In a study by Gallagher et al in 1974, researchers suggested that yogurt had a lower lactose content than milk (7). But in fact they determined it was the bacteria content in yogurt that metabolized the lactose. The lactose content between yogurt and milk was actually very similar. And a 1997 German study by Sieber et al also found that yogurt is very well tolerated by those who are lactose intolerant because of the higher presence of lactase, plus the presence of living lactic acid bacteria. The bacteria in fermented dairy products survives passage through the stomach to continue the digestion of lactose. (8)

But some dairy products contain too much fat … and that can also lead to diarrhea and vomiting. High fat can also lead to pancreatitis, a serious disease, as well as obesity

While low-fat or fat-free options seem like a good idea, you should avoid them. These products have gone through processing that often involves chemicals. Some low fat products also contain more sugar. They can lead to overeating because of a false sense of security in having a non-fat option for your dog. And they can increase the risk of diabetes and obesity.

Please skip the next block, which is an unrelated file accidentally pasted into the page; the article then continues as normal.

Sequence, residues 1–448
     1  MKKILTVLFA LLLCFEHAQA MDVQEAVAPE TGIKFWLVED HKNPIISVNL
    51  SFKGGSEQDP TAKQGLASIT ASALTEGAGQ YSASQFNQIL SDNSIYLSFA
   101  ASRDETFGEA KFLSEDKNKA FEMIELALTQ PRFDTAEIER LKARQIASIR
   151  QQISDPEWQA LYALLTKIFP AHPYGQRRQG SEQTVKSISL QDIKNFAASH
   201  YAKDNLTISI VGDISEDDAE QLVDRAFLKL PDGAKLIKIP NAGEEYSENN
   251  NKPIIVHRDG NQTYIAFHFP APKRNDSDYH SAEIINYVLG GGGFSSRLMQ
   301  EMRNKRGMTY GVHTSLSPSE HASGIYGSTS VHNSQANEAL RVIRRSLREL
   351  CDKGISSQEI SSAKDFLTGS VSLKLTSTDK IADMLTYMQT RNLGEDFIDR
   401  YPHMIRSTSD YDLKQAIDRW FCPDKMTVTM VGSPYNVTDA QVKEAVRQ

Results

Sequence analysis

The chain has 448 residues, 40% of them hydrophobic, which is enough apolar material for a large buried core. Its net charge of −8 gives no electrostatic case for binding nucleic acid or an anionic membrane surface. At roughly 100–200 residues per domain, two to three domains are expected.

But there are probably more reasons for your dog to avoid dairy.

Why Dogs Shouldn’t Eat Dairy

So even if your dog can tolerate dairy, is it still okay to feed it to him? Well … you might not see diarrhea or vomiting but there could be other signs that aren’t as noticeable. But they can all be traced back to dairy.


Chronic inflammation leads to skin problems, digestive issues and most disease. And dairy products are pro-inflammatory. They have inflammatory properties that include proteins, hormones and sugar … especially whey proteins. So whether it’s an allergy or lactose intolerance, dairy can create chronic inflammation in your dog and lead to serious health issues. 

Leaky Gut

As noted earlier, undigested lactose from dairy can settle in your dog’s colon and cause fermentation of bacteria. That can disrupt the balance of your dog’s microbiome with bad bacteria and lead to disease. So if your dog often eats dairy repeatedly and doesn’t digest it properly, it can cause ongoing intestinal problems. If the aggravation continues it can damage the intestinal lining of the gut and cause leaky gut. So if your dog is eating a processed food diet, taking medications and is over-vaccinated, they all take their toll on his gut. And dairy could be doing more harm than good.